Concordia Plan Cuts Debt, Replaces CEO, Wipes Out Most Stock
(Bloomberg) -- Concordia International Corp. reached an agreement with its creditors to cut its debt load by $2.4 billion in a deal that ousts the chief executive and will leave shareholders all but wiped out.
The pharmaceutical company’s turnaround accord includes raising $586.5 million through a private equity rights offering and new secured debt of about $1.4 billion, and cutting annual interest expense by $171 million, according to a statement Wednesday. Holders of about 72 percent of the secured debt and 64 percent of the unsecured debt have signed off on the plan, which also received Ontario court approval.
Secured debt holders would receive cash and new secured debt equal to 93.4 percent of their principal amount, including a 5 percent early consent cash consideration. Proposed terms include $300 million of new six-year senior secured notes with an 8 percent interest rate, and a six-year senior secured term loan, according to the term sheet.
The funds raised through the equity rights offering will be put toward acquiring 88 percent of the outstanding shares to compensate secured debt holders. The stock closed down 32 percent at 40 Canadian cents in Toronto on Wednesday.
Unsecured debt holders will receive about 12 percent of the common shares in the restructured company and existing shareholders will hold on to 0.35 percent of the common shares. Stakeholders will vote on the plan on June 19.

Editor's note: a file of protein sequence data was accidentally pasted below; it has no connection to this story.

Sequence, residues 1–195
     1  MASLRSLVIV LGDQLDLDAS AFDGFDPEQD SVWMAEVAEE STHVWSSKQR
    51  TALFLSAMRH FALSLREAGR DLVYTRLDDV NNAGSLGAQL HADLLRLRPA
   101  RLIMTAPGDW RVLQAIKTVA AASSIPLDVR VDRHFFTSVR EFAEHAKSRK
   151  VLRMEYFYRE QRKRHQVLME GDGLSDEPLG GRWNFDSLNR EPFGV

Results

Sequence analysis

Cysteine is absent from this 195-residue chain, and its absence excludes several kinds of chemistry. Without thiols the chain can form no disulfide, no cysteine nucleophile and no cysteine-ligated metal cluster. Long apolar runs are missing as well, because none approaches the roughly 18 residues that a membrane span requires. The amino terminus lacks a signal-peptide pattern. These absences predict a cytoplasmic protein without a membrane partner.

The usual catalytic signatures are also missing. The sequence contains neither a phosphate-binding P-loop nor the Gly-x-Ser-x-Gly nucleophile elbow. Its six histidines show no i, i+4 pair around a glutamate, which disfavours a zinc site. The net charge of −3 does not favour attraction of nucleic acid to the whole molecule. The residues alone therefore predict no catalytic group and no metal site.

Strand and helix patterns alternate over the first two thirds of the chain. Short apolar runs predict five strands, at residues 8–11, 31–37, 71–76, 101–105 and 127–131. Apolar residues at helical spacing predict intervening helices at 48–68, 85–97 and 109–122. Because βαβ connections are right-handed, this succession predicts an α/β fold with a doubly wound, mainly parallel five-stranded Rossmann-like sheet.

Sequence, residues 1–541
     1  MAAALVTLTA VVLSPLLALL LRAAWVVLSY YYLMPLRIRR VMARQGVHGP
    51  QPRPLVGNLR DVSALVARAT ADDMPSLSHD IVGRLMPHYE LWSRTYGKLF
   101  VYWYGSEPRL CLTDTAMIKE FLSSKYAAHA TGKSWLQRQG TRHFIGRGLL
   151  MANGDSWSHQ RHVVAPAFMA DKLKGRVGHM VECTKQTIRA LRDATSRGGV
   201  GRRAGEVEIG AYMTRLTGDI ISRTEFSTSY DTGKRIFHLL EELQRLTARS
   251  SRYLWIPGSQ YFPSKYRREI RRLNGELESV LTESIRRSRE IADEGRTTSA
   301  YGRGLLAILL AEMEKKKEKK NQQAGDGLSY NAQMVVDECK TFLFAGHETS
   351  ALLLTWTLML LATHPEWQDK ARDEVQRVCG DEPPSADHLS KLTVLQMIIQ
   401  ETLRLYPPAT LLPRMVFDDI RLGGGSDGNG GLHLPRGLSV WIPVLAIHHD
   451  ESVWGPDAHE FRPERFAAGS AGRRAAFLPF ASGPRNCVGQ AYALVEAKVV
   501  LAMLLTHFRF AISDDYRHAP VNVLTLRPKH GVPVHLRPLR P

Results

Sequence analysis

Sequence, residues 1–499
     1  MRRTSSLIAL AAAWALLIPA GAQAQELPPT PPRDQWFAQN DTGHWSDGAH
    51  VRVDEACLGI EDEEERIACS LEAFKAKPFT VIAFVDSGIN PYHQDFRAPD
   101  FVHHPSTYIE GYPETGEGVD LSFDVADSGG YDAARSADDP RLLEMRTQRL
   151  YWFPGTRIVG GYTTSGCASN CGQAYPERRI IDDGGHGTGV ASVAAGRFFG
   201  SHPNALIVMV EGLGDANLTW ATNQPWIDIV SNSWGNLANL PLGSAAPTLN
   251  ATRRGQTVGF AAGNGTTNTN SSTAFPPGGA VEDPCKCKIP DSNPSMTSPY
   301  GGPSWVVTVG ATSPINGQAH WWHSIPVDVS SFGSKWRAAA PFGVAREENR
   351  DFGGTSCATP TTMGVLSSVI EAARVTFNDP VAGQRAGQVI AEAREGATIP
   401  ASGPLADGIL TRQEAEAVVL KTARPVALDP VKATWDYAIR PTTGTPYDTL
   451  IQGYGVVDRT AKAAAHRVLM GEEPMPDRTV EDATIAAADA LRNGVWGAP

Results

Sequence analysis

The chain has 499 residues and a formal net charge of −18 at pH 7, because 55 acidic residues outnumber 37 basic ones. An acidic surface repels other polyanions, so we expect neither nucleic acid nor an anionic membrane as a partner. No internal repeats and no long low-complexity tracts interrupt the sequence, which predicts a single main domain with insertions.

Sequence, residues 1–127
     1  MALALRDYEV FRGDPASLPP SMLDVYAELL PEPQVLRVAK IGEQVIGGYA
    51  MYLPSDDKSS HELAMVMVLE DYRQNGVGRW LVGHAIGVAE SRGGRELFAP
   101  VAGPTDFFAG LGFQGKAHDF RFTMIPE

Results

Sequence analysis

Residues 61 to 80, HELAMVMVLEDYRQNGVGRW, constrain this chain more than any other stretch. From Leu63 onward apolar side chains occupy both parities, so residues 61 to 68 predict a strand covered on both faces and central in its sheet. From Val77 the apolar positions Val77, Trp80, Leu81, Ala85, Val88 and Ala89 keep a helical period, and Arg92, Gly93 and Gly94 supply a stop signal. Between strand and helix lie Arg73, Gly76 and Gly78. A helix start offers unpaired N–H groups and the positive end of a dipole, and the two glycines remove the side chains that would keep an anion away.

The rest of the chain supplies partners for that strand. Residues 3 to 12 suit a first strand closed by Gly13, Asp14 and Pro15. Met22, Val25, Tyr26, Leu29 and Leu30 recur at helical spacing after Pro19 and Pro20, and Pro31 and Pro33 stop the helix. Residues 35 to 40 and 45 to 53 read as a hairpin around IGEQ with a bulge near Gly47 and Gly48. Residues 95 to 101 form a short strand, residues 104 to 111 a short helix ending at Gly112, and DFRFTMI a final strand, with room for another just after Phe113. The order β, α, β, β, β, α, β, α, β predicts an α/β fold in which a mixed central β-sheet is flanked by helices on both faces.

The company also said Graeme Duncan, who has served as president of the international segment since January 2016, was appointed interim CEO immediately. Current CEO Allan Oberman is leaving to pursue other opportunities, the statement said.
Concordia has been in negotiations with its creditors since October to restructure its balance sheet under the Canada Business Corporations Act. The Oakville, Ontario-based company has been under court protection from its creditors, which prevented them from pursuing other remedies to get their money back, while it negotiated a plan to reduce its $3.7 billion debt load.
Bondholder groups, which included one holding secured debt and a second group holding both junior debt and secured notes, had been haggling over the size of the equity rights offering and who got to participate in it.
Concordia hasn’t posted an annual profit since 2014. The company’s debt ballooned during a growth-by-acquisition binge. Its North American drug portfolio includes Donnatal, for irritable bowel syndrome; epileptic seizure drug Zonegran; and Nilandron, which treats prostate cancer.
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